The rules have just changed. Effective today, if a company wants any consideration for its cooperation, it must give up the individuals, no matter where they sit within the company. And we’re not going to let corporations plead ignorance. If they don’t know who is responsible, they will need to find out. If they want any cooperation credit, they will need to investigate and identify the responsible parties, then provide all non-privileged evidence implicating those individuals.
While this is new for the corporate world, there’s nothing radical about the concept. It's the same rule we apply to cooperators in any other type of criminal investigation. A drug trafficker can decide to flip against his co-conspirators. He can proffer to the government the full scope of the criminal scheme. He can take the stand for the government and testify against a dozen street-level dealers. But if he has information about the cartel boss and declines to share it, we rip up his cooperation agreement and he serves his full sentence. The same is true here. A corporation should get no special treatment as a cooperator simply because the crimes took place behind a desk.
This position builds on the tremendous work advanced by Leslie Caldwell, our Assistant Attorney General for the Criminal Division, since she returned to DOJ last year. Leslie and the Criminal Division have been demonstrating that corporate cooperation can and must focus on individual accountability, and our new policy guidance now makes that crystal clear.
This threshold requirement of complete cooperation as to individuals not only governs criminal investigations, but applies to civil investigations as well. Companies will be expected to provide the same type of information about individuals if they want any consideration on the civil side, including how a case is charged or resolved and whether we bring action against a parent or its subsidiary. Similarly, it will be the department’s position going forward that in order to qualify for the reduced damages provision under the False Claims Act, the company must identify any culpable individuals and provide all material facts about those individuals.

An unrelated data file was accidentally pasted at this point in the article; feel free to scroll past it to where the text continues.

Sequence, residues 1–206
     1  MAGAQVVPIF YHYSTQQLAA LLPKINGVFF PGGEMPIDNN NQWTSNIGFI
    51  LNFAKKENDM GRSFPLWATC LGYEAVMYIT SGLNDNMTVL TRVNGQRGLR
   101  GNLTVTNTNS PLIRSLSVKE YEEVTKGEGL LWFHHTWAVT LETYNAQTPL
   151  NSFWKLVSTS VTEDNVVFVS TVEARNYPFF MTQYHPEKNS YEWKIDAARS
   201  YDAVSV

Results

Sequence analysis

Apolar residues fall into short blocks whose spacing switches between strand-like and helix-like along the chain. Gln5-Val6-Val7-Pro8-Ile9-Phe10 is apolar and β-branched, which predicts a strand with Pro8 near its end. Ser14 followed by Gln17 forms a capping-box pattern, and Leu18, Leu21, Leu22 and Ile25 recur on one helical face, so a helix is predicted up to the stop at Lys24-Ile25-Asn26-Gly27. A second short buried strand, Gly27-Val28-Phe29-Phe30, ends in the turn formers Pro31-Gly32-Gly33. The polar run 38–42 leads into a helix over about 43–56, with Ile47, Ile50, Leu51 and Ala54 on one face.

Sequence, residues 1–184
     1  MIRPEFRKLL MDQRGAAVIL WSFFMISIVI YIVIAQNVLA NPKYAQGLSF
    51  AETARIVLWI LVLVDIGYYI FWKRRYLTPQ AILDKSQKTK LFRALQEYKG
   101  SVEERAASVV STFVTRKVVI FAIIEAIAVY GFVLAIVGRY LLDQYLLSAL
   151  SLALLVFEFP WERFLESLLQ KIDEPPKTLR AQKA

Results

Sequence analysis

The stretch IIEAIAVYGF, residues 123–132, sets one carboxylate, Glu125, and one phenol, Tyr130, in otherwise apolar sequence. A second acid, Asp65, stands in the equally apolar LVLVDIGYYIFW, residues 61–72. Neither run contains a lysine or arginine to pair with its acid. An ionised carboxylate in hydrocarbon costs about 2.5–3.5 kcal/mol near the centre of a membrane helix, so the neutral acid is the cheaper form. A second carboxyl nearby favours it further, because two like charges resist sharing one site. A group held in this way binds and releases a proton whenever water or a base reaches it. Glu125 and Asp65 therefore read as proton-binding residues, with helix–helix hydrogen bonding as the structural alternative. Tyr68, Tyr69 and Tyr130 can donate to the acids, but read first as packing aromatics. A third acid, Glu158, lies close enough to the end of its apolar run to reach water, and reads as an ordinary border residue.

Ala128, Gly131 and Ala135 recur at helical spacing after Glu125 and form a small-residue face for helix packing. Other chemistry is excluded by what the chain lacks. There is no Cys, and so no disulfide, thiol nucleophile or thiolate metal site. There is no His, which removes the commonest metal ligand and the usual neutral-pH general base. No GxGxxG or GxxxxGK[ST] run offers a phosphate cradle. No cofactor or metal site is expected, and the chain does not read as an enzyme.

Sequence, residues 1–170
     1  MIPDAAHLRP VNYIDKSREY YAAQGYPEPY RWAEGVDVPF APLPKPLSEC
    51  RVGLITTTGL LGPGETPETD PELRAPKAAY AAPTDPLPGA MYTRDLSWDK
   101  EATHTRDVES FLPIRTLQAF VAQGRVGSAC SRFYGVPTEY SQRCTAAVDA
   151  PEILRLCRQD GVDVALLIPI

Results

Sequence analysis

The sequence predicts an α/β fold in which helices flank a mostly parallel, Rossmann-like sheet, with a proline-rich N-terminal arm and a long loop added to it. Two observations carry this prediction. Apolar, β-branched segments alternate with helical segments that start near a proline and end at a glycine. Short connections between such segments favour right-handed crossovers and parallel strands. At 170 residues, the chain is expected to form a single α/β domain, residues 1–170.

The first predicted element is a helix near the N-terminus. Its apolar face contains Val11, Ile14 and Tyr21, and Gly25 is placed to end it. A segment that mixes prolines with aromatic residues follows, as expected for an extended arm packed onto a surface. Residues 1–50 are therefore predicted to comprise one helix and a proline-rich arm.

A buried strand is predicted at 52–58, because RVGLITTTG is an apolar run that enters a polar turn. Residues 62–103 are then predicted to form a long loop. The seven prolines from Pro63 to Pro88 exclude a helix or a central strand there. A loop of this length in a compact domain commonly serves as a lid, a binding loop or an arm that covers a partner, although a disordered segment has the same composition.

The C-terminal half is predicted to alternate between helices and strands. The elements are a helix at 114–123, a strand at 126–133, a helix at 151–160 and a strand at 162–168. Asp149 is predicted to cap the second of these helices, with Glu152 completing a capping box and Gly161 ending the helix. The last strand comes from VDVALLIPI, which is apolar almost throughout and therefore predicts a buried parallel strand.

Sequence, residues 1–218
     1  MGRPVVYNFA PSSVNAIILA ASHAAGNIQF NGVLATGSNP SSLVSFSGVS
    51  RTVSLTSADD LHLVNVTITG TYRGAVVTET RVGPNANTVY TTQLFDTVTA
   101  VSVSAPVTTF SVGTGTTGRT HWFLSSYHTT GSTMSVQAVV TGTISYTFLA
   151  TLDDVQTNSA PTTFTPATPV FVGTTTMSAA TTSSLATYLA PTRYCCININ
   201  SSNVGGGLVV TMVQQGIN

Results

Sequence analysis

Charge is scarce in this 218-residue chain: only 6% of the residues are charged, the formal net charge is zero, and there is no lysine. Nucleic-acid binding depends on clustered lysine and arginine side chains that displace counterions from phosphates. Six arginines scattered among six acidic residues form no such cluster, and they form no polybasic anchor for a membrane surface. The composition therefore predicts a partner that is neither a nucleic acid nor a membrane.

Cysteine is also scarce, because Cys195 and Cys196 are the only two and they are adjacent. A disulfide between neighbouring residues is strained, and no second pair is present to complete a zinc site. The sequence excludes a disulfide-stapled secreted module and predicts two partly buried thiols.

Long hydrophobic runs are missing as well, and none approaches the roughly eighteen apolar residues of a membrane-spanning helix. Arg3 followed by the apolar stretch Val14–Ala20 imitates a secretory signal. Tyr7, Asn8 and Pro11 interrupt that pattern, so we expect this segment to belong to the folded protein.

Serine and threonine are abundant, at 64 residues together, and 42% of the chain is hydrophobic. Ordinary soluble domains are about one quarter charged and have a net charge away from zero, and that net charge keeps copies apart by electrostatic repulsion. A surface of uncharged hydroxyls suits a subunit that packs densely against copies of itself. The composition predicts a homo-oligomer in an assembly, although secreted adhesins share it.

This new cooperation requirement does not mean that DOJ will sit back and wait for the company to deliver the information about individual wrongdoers and then merely accept what companies provide. To the contrary, department attorneys will be actively investigating individuals at every step of the process – before, during and after any corporate cooperation. Department attorneys will be vigorously testing information provided by companies and comparing it to the results of our own investigation to ensure that it is indeed complete and that it doesn’t seek to minimize the role of any one person or group of individuals.
Building on this point, a company should not assume that its cooperation ends as soon as it settles its case with the government. Going forward, corporate plea agreements and settlement agreements will include a provision that requires the companies to continue providing relevant information to the government about any individuals implicated in the wrongdoing. A company’s failure to continue cooperating against individuals will be considered a material breach of the agreement and grounds for revocation or stipulated penalties.